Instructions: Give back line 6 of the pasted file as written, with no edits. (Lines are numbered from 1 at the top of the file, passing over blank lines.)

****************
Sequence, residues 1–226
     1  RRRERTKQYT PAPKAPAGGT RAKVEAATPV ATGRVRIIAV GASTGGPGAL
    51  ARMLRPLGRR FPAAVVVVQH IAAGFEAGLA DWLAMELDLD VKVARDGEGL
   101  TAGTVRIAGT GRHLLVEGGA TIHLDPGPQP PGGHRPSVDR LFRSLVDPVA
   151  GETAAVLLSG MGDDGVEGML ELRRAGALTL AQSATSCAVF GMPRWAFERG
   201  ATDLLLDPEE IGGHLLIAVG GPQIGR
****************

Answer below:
   201  ATDLLLDPEE IGGHLLIAVG GPQIGR